We in SUBICWATER always encourage people to follow our example and drink water straight from the tap. This is how confident we are with the quality of water that comes out of our treatment facilities.
But of course, some people choose to have their water undergo further filtration process to suit their personal preference or pursue a perceived health benefit. After all, the debate about the ‘best’ water rages on— simple tap water, ‘mineral’, ‘alkaline’, ‘pure’, and more.
Whichever kind of water floats your boat, SUBICWATER has just one reminder, and that is to ensure that your water is indeed safe for drinking.
Dong (real name hidden for privacy) could not recall a single month pass by without him having to endure a few ‘emergency’ trips to the toilet.
He thought he had just a weak stomach. “I only drink water bought from the refilling station, so I never thought much about water being the cause.”
It was so until the day he found scores of mosquito larvae swimming inside his newly-delivered five-gallon bottled water.
The samples he brought to SUBICWATER for water quality testing revealed the absence of residual chlorine, which should have destroyed bacteria and viruses and made water fit for drinking. In fact, laboratory tests by SUBICWATER detected alarming levels of bacteria that can cause typhoid fever, cholera, hepatitis, and other water-borne diseases.
SUBICWATER’s laboratory head Leah Yulas offers possible explanations as to how Dong’s water got contaminated:
1. Zero chlorine residual
Most water treatment systems being used by refilling stations completely filter out the residual chlorine intentionally left by SUBICWATER. Without the disinfectant chlorine, bacteria can easily multiply in water.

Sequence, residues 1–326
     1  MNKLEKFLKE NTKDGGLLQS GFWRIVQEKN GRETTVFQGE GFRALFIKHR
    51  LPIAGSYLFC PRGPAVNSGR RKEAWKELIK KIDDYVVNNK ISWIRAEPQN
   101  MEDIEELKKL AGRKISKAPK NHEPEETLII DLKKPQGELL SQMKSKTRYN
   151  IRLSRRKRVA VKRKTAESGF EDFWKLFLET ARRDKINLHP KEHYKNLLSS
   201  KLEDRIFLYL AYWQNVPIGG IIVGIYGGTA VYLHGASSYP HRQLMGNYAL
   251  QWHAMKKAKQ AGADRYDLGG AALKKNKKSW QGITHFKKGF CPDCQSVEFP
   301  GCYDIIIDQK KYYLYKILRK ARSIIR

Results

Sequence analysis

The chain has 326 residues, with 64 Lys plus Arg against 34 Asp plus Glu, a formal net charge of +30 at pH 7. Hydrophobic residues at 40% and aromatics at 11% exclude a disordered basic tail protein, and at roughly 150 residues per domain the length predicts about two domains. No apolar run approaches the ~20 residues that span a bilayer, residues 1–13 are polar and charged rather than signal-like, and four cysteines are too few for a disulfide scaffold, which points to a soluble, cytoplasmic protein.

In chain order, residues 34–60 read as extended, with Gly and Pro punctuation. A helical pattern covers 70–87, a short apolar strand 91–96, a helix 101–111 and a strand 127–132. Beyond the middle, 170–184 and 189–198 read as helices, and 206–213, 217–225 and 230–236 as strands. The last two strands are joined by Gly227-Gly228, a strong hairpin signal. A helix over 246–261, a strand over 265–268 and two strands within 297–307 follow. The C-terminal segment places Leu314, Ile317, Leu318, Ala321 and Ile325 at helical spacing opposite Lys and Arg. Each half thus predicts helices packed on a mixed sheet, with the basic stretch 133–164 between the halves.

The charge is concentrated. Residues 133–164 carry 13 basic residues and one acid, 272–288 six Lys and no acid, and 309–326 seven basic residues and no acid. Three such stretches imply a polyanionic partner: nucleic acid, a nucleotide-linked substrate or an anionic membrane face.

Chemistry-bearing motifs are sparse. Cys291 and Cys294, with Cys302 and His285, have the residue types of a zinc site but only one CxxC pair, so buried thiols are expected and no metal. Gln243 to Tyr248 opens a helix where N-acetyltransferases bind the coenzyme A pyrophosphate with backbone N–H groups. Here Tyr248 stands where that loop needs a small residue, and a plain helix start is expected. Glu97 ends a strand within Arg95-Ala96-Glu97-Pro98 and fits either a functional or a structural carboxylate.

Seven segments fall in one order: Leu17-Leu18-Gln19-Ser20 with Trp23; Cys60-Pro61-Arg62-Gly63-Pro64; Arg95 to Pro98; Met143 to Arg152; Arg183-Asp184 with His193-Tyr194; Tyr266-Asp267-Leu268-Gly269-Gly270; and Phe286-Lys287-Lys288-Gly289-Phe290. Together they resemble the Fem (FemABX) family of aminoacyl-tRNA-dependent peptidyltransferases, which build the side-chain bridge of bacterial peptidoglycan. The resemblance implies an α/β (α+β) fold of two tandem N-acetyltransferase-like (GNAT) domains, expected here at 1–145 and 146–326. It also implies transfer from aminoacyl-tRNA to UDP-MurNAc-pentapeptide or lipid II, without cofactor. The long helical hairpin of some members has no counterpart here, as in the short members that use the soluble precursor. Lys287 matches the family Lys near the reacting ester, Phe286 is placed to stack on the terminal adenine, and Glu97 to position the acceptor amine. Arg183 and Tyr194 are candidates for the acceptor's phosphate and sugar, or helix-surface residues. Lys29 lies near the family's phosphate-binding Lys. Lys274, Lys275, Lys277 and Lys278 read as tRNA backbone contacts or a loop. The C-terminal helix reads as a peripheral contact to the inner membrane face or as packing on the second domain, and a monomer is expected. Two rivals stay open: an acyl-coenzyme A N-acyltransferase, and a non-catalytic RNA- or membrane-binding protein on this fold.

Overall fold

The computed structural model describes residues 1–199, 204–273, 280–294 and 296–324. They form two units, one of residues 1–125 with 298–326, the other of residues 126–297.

2. Improper storage and handling
Dirty water processing and storage facilities, unsanitary work processes or personnel are potential sources of pathogens. Filtered water that is stored for too long (even in closed containers) are at a higher risk of contamination since pathogens may have already multiplied.
3. Ill-maintained filters
Whichever type of water gizmo that your household or neighborhood refilling station uses, it will definitely have some type of filter in it.
Filters that are not cleaned or replaced at required intervals become the breeding ground of bacteria. Instead of screening them out, expired filters can actually allow the built-up contaminants to pass through, making the water more contaminated than it originally was before filtration.
Water refilling stations are required by law to have their products tested regularly by those accredited by the Department of Health (DOH), such as SUBICWATER’s laboratory. Water samples should be tested monthly for the microbiological aspect, and twice a year for the physical and chemical aspect.
When in doubt, you can ask your neighborhood water station to present certifications that its water has passed these requirements. Or, you may collect water samples on your own and send it to SUBICWATER’s laboratory for water quality testing.